I really would appreciate your views Glen.


So, first the first question. It probably doesn’t matter and ymmv but I am kind of anal about certain things so I ALWAYS released the pressure on the tire at the end of each ride. I, perhaps erroneously, just always thought that leaving it pressed against the tire wasnt good for the tire. It may have even been recommended by someone at some point. And 100% yes, a calibration is recommended at the start of each and every ride IF consistent and accurate measures of resistance are your thing (they were mine). There are other recommendations for newer Snaps on the wahoo fitness site.

Your second question: I know it sounds ridiculous that the Climb was such a game changer for me. It literally just moves the front of the bike up and down. But it TOTALLY was. It makes EVERY ride in SYSTM (even most of the old ones have been encoded with gradient changes now), soooo much more engaging. This is super noticeable on all the On Location rides and the Pro Rides but the recent BMX and MTB on the A week with UCI World Cycling Centre was that much more thrilling. Jumps as you go up, pitches when you go down. It makes these things more immersive than they already are, engages different muscles and encourages position changes. And that is just in SYSTM which isnt even a SIM program like RGT or Zwift or Rouvy or FulGaz. After I got the Climb, doing the Alpe on Zwift really felt like I was doing the Alpe. So much so that I ended up vEveresting Alpe du Zwift (9 times in a row) then did another on Leith Hill (75 reps) and then a 3rd on Ventoux (6 in a row). I NEVER would have thought about vEveresting without the Climb. In fact, during one attempt, my Climb broke (promptly replaced by Wahoo) and I just couldn’t get into indoor training without it. I dont think you will find anyone who has a Climb say they don’t like it. I may be more obsessed with it than others but I really wouldn’t ride without one. I realize that Elite makes something similar (the Rizer, I think it’s called) but it was not available back in '18 when I got the full meal deal from Wahoo.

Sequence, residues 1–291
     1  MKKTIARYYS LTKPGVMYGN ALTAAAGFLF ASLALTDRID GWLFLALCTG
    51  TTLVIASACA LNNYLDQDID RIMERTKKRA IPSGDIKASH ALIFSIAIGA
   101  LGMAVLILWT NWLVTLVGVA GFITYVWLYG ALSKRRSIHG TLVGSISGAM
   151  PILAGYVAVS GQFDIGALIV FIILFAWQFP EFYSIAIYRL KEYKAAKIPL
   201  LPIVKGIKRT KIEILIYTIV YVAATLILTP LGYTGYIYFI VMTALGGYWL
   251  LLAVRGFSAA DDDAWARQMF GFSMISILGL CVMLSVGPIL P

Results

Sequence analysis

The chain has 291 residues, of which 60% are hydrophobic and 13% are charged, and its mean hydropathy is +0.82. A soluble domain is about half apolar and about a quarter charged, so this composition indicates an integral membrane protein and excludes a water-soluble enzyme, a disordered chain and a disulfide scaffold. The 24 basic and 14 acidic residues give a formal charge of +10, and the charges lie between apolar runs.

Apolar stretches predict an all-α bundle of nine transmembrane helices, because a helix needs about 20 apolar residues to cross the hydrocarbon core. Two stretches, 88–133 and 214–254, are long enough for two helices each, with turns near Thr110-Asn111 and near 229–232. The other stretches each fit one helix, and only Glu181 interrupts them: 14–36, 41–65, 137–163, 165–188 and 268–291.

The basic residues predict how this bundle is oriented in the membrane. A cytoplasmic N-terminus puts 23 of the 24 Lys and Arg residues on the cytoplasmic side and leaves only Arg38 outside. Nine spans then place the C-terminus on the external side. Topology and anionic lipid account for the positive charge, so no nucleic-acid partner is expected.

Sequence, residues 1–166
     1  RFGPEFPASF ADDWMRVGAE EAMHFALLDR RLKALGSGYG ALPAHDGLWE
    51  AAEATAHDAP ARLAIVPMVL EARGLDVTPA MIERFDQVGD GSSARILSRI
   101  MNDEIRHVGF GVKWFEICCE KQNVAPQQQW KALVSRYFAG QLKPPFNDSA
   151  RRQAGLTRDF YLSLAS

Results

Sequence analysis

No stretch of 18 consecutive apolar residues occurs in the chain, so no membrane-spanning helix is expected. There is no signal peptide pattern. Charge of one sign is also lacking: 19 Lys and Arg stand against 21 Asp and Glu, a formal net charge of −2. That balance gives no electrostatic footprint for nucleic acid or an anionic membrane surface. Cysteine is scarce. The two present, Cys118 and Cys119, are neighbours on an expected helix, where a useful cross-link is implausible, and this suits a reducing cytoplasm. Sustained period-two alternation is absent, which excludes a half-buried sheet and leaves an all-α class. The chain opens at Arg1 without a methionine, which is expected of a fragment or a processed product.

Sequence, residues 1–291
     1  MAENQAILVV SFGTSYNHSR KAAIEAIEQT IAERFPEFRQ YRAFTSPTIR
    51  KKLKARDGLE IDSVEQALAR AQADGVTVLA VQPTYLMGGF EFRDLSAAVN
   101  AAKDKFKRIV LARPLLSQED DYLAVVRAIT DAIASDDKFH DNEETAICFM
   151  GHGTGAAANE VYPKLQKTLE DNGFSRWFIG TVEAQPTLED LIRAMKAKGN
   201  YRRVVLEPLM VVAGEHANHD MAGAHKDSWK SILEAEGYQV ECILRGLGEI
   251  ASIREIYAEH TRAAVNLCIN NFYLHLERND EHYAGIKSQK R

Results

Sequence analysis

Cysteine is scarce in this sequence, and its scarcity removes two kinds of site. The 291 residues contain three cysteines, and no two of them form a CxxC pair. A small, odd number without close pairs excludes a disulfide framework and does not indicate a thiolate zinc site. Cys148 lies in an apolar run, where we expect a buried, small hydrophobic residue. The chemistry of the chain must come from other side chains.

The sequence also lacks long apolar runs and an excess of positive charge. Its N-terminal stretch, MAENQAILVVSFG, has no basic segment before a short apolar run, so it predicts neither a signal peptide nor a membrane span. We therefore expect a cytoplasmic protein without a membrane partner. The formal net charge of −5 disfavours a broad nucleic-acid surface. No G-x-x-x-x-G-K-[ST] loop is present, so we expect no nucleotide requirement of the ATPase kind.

Glen, once again thank you for your detailed reply. Your experience with the Climb sounds intriguing. I may need to have another look at one of those…


@Glen.Coutts You are correct - that is the best practice for tire pressure consistency and also longevity of the tire.


Hi @Oldcatnewtricks and welcome.

I was in the same place as you a few years back, and went with the Snap as a “step up” smart trainer. This past year I upgraded to a Kickr, but I don’t regret the Snap years at all. It was a great smart trainer intro at (at the time) 1/3 the cost of the Kickr. And I probably got 50-60% of my cost back when I sold it off e/r to my Kickr.

Aside from that, I second everything Sir @Glen.Coutts says - including the Climb…